What Does Jeff Bezos’ $165 Million House Purchase Tell Us About Thomas Piketty’s Theory of Hidden Old Money?

As I’ve often mentioned, one of my favorite perhaps crackpot but also perhaps legit theories is French leftist economist Thomas Piketty’s claim that his famous equation r > g proves that the Forbes Magazine lists of billionaires have to be wrong because there must be far more old money billionaires, while the Forbes lists are dominated by fairly recent wealth. Piketty suspects there are vast hidden fortunes passed down through the generations that Forbes isn’t finding.
Even though Piketty’s book Capital in the 21st Century was a huge bestseller, few else seemed to pay much attention to the most glamorous and intriguing idea in the whole book. I, however, immediately started thinking about how we could find this wealth. For example, what about using Google Earth to look for evidence of palatial estates? For example, golf courses are instantly recognizable from the air, so personal golf courses are readily visible on Google.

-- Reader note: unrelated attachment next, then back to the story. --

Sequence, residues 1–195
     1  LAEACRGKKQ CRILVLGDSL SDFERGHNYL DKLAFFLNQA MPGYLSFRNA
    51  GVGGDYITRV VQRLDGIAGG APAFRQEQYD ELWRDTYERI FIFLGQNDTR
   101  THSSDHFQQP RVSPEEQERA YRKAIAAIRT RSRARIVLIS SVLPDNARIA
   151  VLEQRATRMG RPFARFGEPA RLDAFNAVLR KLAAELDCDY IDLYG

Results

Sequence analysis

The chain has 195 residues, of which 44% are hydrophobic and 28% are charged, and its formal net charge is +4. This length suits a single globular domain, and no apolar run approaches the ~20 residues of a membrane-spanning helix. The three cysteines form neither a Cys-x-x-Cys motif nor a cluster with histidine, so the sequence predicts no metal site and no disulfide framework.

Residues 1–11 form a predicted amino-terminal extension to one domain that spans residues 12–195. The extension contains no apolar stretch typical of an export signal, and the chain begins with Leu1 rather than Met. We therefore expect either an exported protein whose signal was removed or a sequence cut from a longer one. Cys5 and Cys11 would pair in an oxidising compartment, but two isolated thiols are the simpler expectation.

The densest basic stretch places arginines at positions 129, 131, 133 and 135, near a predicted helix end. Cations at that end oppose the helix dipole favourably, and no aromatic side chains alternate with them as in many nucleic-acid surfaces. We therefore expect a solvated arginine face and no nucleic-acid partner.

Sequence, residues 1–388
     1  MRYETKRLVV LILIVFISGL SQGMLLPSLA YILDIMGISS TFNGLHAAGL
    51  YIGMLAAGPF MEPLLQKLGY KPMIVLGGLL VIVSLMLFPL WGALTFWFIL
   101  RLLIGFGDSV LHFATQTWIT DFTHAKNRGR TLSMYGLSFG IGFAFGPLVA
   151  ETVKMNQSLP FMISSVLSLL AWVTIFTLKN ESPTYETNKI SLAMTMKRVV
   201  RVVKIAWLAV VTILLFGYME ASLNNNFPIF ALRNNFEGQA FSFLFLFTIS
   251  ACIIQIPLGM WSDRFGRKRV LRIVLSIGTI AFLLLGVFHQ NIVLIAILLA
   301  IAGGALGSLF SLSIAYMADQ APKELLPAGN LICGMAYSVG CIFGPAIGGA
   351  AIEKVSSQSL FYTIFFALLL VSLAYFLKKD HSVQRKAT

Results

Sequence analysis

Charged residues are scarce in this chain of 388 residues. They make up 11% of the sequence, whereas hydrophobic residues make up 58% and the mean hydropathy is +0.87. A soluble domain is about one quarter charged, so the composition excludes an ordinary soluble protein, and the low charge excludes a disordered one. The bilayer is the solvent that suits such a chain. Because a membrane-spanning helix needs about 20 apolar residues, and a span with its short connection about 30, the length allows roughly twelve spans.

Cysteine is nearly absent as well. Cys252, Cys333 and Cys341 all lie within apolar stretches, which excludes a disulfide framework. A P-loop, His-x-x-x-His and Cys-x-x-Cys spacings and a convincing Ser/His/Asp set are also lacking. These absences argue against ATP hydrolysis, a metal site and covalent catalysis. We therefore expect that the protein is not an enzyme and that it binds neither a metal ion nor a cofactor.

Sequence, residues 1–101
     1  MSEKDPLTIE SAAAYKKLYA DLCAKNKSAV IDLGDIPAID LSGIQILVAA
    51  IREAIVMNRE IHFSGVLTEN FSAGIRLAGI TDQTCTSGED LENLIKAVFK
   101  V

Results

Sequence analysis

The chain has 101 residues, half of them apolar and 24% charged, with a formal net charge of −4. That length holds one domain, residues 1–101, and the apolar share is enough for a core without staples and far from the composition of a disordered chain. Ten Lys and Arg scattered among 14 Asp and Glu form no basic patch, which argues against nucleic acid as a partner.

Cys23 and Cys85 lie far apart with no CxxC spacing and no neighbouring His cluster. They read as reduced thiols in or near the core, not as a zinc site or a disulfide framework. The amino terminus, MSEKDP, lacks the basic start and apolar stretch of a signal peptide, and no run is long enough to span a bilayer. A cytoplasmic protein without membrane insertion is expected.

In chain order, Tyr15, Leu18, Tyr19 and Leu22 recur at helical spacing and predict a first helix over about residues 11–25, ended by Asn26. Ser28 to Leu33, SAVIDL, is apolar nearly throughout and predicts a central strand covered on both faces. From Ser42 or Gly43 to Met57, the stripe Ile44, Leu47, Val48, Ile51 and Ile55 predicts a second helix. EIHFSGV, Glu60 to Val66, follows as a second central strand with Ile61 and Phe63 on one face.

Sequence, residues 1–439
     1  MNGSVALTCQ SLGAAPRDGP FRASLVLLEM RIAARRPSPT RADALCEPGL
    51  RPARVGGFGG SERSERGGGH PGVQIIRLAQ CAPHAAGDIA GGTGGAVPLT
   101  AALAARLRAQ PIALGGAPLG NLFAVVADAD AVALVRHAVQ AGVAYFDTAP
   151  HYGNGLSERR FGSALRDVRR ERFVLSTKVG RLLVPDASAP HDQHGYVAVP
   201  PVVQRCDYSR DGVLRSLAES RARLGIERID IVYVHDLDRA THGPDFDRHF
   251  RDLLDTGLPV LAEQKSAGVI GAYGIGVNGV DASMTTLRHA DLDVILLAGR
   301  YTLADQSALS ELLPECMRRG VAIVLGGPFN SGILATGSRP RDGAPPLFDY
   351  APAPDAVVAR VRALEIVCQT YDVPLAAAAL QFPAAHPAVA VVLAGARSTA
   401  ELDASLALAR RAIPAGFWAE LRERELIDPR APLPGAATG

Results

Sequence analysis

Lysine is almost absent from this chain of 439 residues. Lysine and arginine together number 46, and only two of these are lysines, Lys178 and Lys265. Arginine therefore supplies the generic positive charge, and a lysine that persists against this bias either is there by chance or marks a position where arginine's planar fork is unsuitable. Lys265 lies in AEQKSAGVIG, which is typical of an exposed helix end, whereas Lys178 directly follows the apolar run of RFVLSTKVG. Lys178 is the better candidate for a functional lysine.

Here’s a NYT article on Jeff Bezos spending $165 million on a Beverly Hills estate plus nearby 9 digit properties that’s relevant to the Piketty Theory: just about everybody involved in owning these properties is famous, most track their fortunes back no further than the 20th Century, backyard golf courses seem to be a dying breed, and, by implication, only trashy Russian oligarchs really like all the steel and glass boxes that have been built on spec in the Hollywood Hills in recent years.

Jeff Bezos Buying $165 Million Estate, a California Record
The Amazon leader reached a deal for the Warner Estate in Beverly Hills with David Geffen, who has owned it since 1990.
By Candace Jackson, Feb. 14, 2020
The national housing market has cooled, but in Los Angeles the ultrarich are still shattering price records. An heiress to the Formula One racing empire sold her …

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